Put The Bat Down

The most important relationship you need to improve, in order to to be effective at handling stress, is the relationship with yourself.

This is something I always struggled with. As someone who is very results focused and competitive, I would push myself as hard as I could. However, when things inevitably didn’t go my way, I would beat myself up. The best advice I heard on this topic is "put the bat down"

Let's use this scenario, say you have a friend who is really mean to you every time you make a mistake. They judge you, say awful things about you and hurt your self-esteem. Even worse, when you are under pressure, they say you will fail and don’t stand a chance at coming through a challenge successfully. What a terrible person that is, right?

What would you do in a situation like this? Maybe you tell them off, point out some of their flaws, or end the friendship? All of those are fair and an effective method of managing your inner critic. Next time you catch yourself in one of those loops, try to just notice that it is your mind telling you stories and ignore that voice in your head. Even better, you can challenge it. Try to think of a similar time when you felt doubt and actually overcame the challenge. Next time you noice that self doubt, think of a time you felt the same way and challenged. Remind yourself of  the fact that you were able to overcome it. Focus more on the fact that you DID overcome it and not as much as how you overcame it as situations can be different.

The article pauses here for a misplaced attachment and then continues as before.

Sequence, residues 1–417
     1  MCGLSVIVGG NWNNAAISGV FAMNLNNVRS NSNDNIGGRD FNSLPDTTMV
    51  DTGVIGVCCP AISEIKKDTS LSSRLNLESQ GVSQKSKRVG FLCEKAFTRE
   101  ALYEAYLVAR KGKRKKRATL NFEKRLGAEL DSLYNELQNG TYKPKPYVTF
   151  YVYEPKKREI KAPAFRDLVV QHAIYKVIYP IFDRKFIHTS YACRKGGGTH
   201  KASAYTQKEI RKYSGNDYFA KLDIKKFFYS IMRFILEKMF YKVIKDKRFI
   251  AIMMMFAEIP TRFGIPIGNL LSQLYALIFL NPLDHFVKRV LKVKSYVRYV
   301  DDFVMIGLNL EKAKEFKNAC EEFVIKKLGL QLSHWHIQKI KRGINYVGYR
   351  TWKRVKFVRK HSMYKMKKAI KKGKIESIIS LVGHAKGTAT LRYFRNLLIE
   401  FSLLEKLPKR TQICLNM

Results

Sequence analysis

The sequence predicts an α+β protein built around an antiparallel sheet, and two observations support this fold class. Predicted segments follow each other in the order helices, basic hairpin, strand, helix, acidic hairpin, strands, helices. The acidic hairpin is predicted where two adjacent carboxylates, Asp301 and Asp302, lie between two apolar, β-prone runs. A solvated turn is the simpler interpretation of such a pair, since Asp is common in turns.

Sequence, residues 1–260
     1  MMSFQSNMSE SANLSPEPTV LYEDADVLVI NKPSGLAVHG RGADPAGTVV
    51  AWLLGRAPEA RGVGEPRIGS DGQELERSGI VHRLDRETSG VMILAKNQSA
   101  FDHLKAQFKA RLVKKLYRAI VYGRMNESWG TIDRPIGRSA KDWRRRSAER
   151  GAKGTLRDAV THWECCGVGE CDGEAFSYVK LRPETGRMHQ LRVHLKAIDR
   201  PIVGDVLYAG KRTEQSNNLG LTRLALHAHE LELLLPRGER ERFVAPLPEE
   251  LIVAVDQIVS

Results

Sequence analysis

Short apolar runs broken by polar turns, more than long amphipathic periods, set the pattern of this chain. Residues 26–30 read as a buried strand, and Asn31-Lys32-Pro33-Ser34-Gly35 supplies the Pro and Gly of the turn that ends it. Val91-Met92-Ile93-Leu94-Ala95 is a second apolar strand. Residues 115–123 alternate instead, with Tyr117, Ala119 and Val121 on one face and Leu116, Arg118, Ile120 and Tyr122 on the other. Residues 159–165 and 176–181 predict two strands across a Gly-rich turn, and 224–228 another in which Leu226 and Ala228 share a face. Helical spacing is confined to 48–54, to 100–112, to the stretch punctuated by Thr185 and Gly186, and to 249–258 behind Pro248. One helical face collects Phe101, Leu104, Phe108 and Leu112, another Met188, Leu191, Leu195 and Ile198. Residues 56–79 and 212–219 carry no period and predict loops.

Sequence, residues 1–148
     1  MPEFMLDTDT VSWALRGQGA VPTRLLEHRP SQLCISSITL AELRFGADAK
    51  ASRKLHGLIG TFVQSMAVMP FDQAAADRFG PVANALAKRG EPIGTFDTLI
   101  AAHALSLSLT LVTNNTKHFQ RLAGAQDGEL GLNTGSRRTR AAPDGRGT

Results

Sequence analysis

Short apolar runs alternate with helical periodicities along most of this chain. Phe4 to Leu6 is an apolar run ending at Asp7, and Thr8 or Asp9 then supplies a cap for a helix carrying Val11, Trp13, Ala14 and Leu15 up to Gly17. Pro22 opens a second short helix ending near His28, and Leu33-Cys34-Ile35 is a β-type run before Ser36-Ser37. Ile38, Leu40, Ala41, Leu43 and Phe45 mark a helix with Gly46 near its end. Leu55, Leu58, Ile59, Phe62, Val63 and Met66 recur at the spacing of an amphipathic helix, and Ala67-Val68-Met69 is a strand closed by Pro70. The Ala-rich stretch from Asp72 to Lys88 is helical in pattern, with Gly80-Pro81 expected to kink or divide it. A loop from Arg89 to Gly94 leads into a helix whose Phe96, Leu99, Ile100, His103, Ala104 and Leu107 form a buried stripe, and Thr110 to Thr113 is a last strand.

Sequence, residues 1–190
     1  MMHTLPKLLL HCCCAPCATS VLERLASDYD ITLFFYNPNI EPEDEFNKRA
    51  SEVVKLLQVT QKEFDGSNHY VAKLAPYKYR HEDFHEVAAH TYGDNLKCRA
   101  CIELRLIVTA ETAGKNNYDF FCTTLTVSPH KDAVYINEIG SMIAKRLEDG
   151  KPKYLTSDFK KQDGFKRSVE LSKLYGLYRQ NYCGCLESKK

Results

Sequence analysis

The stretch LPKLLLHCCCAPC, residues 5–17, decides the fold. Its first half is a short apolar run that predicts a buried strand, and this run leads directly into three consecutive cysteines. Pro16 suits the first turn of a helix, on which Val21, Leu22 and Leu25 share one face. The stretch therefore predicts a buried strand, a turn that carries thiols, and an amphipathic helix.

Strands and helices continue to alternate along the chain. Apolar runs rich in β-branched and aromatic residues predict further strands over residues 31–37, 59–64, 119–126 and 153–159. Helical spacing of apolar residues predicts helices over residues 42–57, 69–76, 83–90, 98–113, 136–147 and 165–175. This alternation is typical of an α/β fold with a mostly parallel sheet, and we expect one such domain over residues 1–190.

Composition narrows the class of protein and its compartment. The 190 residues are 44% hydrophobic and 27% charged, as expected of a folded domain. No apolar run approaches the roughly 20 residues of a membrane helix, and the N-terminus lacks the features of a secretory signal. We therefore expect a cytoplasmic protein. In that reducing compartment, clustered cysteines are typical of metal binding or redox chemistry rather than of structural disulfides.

Another technique is to look to others for support going through a similar situation. Chances are, few of your obstacles are completely unique, so can you find some people in your life that may have gone through, or know someone who has gone through it. Now I know you might feel like a burden, but once again, imagine someone asked you for how you overcame an obstacle. You might be likely to help the person out, wouldn’t you?

Anytime you are having a challenging time with yourself, think of what you would tell a friend going through that scenario. Would you tell them they are a failure, are bound to fail, or shouldn’t even try? Or would you have some compassion and give them advice? There’s a reason advice is easy to give and so hard to follow because we are removing the personalization and creating some distance and looking at the situation more objectively than emotionally. By creating that same distance with our thoughts and thinking self will help us think a little more clearly.

We often see failure and mistakes as a pariah in our culture, but if you look at any successful person, they will be quick to own their failures and mistakes. The important thing to understand here is that our minds can be tough to us so it's very important to use objectivity and distance in order to lower our struggles about the issues.

We are all human; we make mistakes and that is ok. The key is to learn from them and keep moving forward.